When I say that I mean it. I mean, a person who seems to have authority is more right, than the person who has demonstrated responsibility, which is sad because in this case, the reason why banks can get away with this behaviour is because the largest banks are doing it

If it were a small bank that was doing it and it was the largest bank that opposed it, you would bet your last rupee that RBI would come and hit the bank strongly, right? 

So, if the RBI says, ‘24 hours and no branch visits’. The minute you’ve reached zero balance in your account, the bank is forced to close the loan and make it zero. It must return any collateral to you or start the process of returning it to you within 24 hours.

Make collateral electronic, where you could even have a centralised electronic system for collateral where all liens are communicated to the respective regulatory authorities. So, you could have shares under collateral, you could have real estate under collateral. It’s a simple system where once you pay your loan, that flag of saying this thing has a loan against it, is gone.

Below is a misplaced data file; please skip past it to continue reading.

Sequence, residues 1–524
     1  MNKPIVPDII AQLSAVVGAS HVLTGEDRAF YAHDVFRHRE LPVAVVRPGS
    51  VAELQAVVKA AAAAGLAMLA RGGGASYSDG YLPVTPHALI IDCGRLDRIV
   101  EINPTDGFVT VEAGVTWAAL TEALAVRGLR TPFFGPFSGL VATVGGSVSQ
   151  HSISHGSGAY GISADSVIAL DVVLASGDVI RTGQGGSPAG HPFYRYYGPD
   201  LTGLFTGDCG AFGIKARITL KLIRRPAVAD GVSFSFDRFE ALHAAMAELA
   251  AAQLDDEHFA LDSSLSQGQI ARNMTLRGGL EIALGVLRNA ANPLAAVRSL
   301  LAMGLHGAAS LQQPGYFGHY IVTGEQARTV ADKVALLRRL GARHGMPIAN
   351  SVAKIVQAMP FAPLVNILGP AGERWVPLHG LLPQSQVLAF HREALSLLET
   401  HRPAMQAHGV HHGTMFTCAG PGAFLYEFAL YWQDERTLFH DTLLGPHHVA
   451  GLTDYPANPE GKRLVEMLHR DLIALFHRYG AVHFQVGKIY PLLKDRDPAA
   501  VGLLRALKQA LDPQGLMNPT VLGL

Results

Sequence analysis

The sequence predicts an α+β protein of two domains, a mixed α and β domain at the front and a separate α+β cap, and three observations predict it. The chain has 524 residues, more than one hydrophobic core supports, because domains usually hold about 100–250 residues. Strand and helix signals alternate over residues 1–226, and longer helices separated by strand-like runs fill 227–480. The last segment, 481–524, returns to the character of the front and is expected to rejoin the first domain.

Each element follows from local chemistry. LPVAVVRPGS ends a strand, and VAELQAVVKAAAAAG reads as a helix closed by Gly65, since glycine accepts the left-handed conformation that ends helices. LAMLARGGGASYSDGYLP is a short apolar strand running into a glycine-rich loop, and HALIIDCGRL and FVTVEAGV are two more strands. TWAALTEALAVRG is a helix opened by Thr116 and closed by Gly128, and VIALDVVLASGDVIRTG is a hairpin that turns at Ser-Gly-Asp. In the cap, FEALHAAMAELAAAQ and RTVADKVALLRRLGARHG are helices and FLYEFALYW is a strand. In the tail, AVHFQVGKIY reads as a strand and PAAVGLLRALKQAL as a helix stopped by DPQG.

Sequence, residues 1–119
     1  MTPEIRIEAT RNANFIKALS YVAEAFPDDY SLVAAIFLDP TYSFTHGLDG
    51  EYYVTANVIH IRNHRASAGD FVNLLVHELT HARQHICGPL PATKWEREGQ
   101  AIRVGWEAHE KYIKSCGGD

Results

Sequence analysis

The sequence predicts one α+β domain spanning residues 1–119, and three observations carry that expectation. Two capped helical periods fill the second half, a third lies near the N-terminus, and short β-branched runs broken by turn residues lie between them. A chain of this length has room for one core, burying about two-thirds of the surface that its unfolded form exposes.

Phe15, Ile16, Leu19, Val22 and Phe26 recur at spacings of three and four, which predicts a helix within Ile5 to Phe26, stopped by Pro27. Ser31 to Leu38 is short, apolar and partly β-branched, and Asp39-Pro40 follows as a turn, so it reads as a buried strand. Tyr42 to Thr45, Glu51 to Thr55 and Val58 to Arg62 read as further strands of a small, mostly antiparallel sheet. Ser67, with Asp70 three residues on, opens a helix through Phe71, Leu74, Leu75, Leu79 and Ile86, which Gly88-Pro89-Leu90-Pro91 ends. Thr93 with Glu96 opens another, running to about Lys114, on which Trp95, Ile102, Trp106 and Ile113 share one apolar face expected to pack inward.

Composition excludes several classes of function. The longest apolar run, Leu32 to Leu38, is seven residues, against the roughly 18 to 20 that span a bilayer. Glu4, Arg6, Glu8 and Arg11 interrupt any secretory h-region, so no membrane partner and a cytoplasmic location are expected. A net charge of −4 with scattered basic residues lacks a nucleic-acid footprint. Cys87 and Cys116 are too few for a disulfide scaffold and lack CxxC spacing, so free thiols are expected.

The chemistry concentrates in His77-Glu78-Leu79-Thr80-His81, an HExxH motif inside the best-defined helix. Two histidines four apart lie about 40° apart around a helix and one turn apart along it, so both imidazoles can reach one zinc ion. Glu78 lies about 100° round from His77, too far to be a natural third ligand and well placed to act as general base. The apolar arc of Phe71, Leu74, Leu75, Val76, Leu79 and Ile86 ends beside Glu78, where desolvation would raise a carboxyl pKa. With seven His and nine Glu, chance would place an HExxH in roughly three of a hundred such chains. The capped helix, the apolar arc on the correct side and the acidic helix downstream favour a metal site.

What this will do is make interest rates more viable. It’s like, if I have money, I can only get 4.5%. If I want money, I must pay 16%; that spread needs to come down. In every developed economy, this is the reason why you pay low for say, juice [soft beverages]. There were times when the only two choices you would get were Coke, ThumpsUp and Pepsi. Today, if you go to a supermarket, there are at least 40 different things; there are some, there’s some Indian coconut water or something. 

And the point about this is, the more brands you have, the more competition you have the different price points you can get different things at. And therefore, inflation comes down.